French Cancer League continues to grow

The main French charity for cancer is the Ligue Contre le Cancer, which was set up in 1918.

It now has 103 branches, with one in every department, giving both practical and emotional support.

It campaigns to prevent the illness, by promoting healthy lifestyles, and fights to ban carcinogenic products while raising money for research.

Cancer is the biggest mortality cause in France, with 150,000 deaths a year and 370,000 new cases annually.

The charity says the good news is that 60% of cases are now cured.

For those with cancer, the charity offers a wide range of support: help with administrative papers; psychological support, individually or in groups; sessions to help prepare for a return to work; and even sessions with companies to help them welcome back staff post-cancer.

It also has a wide range of morale and health-boosting services, including sessions with nutritionists and osteopaths, sport and creative workshops, and feel-good sessions with a trained beautician. All help is free.

Helen de Balbine is responsible for care for cancer patients at the charity and said there would always be a welcome from the league for those in need.

“We are flexible and treat every case individually,” she said. “We can give someone all the help they need but if they already have assistance from another source, they can come to us as well for complementary services, such as the beauty or sports sessions.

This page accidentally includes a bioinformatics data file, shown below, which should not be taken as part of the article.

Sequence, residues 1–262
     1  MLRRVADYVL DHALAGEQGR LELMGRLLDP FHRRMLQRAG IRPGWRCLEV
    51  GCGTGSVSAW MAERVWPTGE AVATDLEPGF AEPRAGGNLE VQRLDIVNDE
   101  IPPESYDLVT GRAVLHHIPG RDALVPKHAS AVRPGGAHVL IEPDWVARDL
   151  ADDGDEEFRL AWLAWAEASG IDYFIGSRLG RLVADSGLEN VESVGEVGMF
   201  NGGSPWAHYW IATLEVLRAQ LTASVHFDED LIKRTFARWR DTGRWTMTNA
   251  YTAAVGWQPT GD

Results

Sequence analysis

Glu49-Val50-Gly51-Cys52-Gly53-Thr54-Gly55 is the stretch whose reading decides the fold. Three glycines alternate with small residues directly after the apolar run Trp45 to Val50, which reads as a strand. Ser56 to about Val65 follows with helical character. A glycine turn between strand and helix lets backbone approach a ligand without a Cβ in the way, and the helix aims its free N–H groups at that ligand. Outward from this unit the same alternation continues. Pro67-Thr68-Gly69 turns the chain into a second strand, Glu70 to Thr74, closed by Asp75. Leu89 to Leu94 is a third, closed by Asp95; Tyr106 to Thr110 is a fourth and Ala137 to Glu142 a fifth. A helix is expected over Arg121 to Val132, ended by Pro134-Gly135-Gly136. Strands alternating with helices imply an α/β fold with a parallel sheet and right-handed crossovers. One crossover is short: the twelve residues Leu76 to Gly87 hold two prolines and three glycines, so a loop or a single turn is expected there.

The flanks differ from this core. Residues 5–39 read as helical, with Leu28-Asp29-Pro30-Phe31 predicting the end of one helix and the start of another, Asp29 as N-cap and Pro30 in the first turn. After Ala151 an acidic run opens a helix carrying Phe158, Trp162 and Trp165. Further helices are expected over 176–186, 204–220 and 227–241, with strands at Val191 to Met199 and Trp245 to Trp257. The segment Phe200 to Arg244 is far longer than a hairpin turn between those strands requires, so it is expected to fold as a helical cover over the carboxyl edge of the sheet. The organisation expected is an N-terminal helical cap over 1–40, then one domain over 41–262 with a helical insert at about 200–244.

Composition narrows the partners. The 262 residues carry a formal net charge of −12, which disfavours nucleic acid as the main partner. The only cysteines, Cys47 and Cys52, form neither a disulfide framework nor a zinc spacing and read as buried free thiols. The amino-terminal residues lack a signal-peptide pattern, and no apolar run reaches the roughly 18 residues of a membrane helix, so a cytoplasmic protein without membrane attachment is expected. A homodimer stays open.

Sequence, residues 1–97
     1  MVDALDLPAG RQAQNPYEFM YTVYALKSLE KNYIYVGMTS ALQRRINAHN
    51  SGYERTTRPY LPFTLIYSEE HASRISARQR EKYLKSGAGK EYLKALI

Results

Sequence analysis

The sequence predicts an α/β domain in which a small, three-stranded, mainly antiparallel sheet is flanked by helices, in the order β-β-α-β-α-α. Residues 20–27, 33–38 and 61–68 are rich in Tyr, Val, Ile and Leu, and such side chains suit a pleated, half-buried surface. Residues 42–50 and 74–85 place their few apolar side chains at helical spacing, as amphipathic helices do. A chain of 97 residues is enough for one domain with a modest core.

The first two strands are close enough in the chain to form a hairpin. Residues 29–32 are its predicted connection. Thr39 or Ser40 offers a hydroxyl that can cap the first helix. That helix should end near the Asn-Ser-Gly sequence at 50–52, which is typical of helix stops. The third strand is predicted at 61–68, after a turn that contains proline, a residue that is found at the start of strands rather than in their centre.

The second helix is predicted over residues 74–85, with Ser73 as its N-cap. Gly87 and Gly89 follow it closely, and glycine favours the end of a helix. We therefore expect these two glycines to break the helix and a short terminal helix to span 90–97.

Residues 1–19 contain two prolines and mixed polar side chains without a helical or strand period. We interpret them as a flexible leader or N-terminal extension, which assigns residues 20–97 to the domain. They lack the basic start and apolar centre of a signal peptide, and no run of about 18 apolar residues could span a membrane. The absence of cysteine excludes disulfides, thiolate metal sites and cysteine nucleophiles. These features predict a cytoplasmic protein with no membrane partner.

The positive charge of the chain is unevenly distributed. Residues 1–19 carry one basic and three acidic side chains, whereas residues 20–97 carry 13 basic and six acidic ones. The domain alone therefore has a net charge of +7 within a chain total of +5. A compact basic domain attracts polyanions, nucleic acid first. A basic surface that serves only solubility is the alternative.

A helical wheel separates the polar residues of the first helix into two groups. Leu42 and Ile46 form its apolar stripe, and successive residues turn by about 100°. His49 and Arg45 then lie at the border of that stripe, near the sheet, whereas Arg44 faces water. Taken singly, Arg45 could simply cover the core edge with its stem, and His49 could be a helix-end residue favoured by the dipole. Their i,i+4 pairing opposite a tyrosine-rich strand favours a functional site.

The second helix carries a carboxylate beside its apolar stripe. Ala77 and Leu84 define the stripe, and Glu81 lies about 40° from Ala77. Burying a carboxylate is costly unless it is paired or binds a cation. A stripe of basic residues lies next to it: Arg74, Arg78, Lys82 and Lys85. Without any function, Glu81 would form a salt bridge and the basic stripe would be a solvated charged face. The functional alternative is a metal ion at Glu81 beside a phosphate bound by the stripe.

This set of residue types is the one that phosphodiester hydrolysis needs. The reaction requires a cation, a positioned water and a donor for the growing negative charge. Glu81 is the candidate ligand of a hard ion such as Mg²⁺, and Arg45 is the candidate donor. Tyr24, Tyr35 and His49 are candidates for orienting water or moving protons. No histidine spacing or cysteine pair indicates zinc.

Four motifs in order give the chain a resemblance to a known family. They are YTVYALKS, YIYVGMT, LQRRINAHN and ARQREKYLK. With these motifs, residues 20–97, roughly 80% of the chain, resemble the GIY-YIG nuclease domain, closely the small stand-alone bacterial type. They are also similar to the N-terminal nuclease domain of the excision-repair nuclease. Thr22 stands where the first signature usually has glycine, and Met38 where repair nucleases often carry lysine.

“Many of our centres are based in hospitals, so patients can combine a medical visit with a visit to us.

“Each department has slightly different programmes. There is a good map, which directs you to facilities in your area (tinyurl.com/se6le3w).”

More than 13,000 volunteers work in the league and new helpers are always welcome. Carolle Khouider is responsible for volunteers across France and said they can give as much or as little time as suits them, with many different ways of helping.

“You can come once a week on a regular basis, help for a few hours once a year in a fundraising event, or become involved on an almost permanent part-time basis,” she said.

“Missions include administrative tasks, sometimes specific professional roles, educational tasks such as holding prevention sessions in schools, and support of cancer patients.

“We also have volunteers liaising with medical and administrative staff in hospitals to give feedback from patients to help improve services. For all roles that are on a regular basis, there are training sessions, whether the task is in administration, or helping a patient.”

She said the best way to find out how to get involved is to contact your nearest branch.

See ligue-cancer.net.

It shows that expats involved in a service for English-speaking people are also working with, and linking with, the French community.

The two charities have been sharing an office, which doubles up as a “drop-in” facility, at Gourdon, Lot.

The CSF drop-in is on Monday afternoon and the league on Wednesday. CSF volunteers also help with Lot Ligue events, including the annual cancer drive, sponsored by supermarket Leclerc, which doubles the amount given in donations.

In 2019, this event raised €22,000.

In the summer, CSF helped the Lot Ligue celebrate its 60th anniversary at Labastide-Murat.

In Normandy, CSF volunteers use the league offices for monthly drop-in sessions in Saint-Lô.

In Provence and Gard, the two associations actively promote each other.

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